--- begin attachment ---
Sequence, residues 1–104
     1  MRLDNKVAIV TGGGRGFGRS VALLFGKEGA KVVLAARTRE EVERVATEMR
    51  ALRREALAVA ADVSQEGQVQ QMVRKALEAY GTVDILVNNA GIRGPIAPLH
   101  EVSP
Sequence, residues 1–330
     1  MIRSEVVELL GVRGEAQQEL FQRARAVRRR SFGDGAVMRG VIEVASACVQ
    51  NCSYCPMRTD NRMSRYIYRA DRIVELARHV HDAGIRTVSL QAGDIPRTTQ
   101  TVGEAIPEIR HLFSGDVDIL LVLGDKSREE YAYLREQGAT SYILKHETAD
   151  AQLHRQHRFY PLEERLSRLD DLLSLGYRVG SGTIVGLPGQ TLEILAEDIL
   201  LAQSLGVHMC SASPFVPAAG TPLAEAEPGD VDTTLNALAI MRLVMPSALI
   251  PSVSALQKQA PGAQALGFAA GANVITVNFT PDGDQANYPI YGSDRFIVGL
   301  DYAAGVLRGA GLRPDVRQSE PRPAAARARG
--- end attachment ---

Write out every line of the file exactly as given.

Sequence, residues 1–104
     1  MRLDNKVAIV TGGGRGFGRS VALLFGKEGA KVVLAARTRE EVERVATEMR
    51  ALRREALAVA ADVSQEGQVQ QMVRKALEAY GTVDILVNNA GIRGPIAPLH
   101  EVSP
Sequence, residues 1–330
     1  MIRSEVVELL GVRGEAQQEL FQRARAVRRR SFGDGAVMRG VIEVASACVQ
    51  NCSYCPMRTD NRMSRYIYRA DRIVELARHV HDAGIRTVSL QAGDIPRTTQ
   101  TVGEAIPEIR HLFSGDVDIL LVLGDKSREE YAYLREQGAT SYILKHETAD
   151  AQLHRQHRFY PLEERLSRLD DLLSLGYRVG SGTIVGLPGQ TLEILAEDIL
   201  LAQSLGVHMC SASPFVPAAG TPLAEAEPGD VDTTLNALAI MRLVMPSALI
   251  PSVSALQKQA PGAQALGFAA GANVITVNFT PDGDQANYPI YGSDRFIVGL
   301  DYAAGVLRGA GLRPDVRQSE PRPAAARARG